What French Kids Eat For School Lunch (It Puts Americans To Shame!) I walked into the dining room to see tables of four already set — silverware, silver bread basket, off-white ceramic plates, cloth napkins, clear glasses and water pitchers laid out ready for lunch.
I was standing inside my children’s public elementary school cafeteria, or “cantine” as the French call it, in our local town near Annecy, France. As part of my research into why French kids aren’t fat, the local city council gave me a tour of the public school’s cantine and kitchen and let me ask any question that came to mind.
There are many theories as to why the French, and French children in particular, do not suffer from weight problems, obesity, diabetes, and hypertension like their American counterparts. Eating moderate quantities of fresh and freshly prepared food at set times of the day is definitely one of the most convincing reasons why they stay lean. Daily exercise, in the form of three recess periods (two 15-minute and one 60-minute recess every day) and walking or biking to and from school, is another.
So what do French kids eat at school? Menus are set up two months in advance by the cantine management staff, and then sent to a certified dietitian who makes small “corrections.” The dietitian might take out a small chocolate éclair and replace it with a kiwi for dessert if she thinks there’s too much sugar that week. Or she may modify suggested menus by adding more or fewer carbohydrates, vegetables, fruits, or protein to keep the balance right. Almost all foods are prepared right in the kitchen; they’re not ready-made frozen. This means mashed potatoes, most desserts, salads, soups, and certainly the main dishes are prepared daily. Treats are included — the occasional slice of tarte, a dollop of ice cream, a delicacy from the local pastry shop. Check out these photos of a school lunch being prepared on premises.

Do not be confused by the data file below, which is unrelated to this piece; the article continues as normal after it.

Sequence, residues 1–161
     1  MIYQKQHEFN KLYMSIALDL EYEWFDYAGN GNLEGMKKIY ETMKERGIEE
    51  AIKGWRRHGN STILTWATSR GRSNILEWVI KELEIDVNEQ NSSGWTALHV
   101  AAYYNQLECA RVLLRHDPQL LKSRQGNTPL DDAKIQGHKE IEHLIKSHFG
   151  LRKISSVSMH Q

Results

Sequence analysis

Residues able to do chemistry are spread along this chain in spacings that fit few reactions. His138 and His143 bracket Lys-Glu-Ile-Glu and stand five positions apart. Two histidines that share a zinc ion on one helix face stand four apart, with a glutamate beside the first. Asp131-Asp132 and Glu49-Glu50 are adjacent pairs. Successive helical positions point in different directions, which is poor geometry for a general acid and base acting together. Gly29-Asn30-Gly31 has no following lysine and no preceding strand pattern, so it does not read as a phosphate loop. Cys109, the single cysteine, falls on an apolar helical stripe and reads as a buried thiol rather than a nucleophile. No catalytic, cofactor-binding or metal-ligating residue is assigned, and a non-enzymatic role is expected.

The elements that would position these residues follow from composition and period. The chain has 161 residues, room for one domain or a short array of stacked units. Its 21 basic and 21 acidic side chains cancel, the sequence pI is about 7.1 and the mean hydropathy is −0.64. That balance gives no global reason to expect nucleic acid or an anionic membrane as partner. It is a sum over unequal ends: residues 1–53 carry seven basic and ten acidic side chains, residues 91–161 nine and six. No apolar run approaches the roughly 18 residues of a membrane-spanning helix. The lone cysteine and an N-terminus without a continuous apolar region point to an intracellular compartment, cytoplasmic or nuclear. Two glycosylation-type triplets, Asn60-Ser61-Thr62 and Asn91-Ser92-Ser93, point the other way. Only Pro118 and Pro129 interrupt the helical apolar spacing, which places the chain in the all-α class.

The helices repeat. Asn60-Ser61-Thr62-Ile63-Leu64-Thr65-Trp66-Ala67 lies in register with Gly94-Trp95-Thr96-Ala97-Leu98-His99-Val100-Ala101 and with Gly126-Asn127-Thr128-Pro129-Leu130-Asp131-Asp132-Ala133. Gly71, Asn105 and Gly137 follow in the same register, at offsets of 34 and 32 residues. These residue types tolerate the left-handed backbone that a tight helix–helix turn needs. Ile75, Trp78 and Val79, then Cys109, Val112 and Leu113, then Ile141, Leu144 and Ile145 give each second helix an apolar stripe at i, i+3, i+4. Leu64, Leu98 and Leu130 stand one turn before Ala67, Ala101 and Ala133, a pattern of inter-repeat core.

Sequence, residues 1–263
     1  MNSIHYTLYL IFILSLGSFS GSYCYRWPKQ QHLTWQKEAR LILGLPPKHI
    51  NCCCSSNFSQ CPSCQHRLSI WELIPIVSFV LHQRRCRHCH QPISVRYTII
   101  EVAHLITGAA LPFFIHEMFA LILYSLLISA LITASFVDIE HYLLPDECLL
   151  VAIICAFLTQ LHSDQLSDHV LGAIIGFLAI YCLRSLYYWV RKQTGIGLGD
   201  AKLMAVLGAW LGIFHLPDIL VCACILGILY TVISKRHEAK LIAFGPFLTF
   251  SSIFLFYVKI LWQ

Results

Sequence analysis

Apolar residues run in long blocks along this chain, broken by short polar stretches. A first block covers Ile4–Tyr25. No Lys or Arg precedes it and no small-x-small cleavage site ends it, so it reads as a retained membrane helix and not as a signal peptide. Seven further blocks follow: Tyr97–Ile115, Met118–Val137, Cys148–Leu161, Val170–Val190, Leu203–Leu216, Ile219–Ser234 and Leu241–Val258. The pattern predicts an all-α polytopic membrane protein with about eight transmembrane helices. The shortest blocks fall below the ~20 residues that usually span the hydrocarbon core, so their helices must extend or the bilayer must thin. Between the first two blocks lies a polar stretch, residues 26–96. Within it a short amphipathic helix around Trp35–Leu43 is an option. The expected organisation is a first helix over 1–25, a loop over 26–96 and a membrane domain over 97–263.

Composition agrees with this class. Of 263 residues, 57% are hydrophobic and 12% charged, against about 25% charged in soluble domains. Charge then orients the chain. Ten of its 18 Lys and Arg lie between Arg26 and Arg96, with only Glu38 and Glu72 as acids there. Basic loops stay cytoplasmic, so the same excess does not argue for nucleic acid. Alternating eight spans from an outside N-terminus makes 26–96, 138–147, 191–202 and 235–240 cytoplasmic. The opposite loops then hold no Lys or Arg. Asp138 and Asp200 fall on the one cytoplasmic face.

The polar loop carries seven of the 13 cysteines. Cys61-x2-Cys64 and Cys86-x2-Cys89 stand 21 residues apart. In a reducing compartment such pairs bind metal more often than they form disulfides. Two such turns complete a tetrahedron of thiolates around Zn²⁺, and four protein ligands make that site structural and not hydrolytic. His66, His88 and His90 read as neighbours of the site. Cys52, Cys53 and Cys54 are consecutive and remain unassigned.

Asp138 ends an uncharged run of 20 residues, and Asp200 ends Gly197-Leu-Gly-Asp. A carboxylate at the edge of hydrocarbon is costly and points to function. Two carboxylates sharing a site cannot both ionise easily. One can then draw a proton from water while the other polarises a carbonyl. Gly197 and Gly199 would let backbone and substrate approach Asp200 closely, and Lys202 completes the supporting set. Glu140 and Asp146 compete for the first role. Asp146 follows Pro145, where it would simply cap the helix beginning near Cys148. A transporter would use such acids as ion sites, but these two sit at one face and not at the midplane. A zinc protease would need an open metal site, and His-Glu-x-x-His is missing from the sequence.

Below are photos and a description of one week’s worth of school menus, taken during the last few weeks of this school year in June. French elementary school students don’t go to school on Wednesdays, so that’s why there are only four meals!
First course: Cucumber and tomato salad Main course: Veal marinated with mushrooms, broccoli Cheese Dessert: Apple tart
First course: Cabbage and tomato salad Main course: Roast beef, potatoes, baked tomatoes with herbs Cheese Dessert: Kiwi
First course: Tabouleh (made with bulgur) Main course: Sausages, zucchini Dessert: Ice cream, apple
First course: Potato and pickle salad Main course: Breaded fish, cauliflower Cheese Dessert: Peach Where does the food come from? “All our fruits, vegetables, fish and meat are sourced locally, some of them from local farms,” according to Dany Cahuzac, the city counselor in charge of school matters, including the cantine. The local bakery delivers bread, a staple of every French meal, fresh every morning. And every two days, there is at least one organic item on the menu. Once a month, an entirely organic meal is served. The only drink offered at lunchtime is filtered tap water, served in glass pitchers. Just as important: how the kids eat.
As the children come streaming into the cantine, they sit down at tables of four that are already set and wait for older student volunteers to bring the first course to their table. The child who sits at the designated “red” chair is the only one who is allowed to get up to fetch more water in the pitcher, extra bread for the bread basket, or to ask for extra food for the table. After finishing the first course (often a salad), volunteers bring the main course platter to the table and the children serve themselves. A cheese course follows (often a yogurt or small piece of Camembert, for example), and then dessert (more often than not, fresh fruit).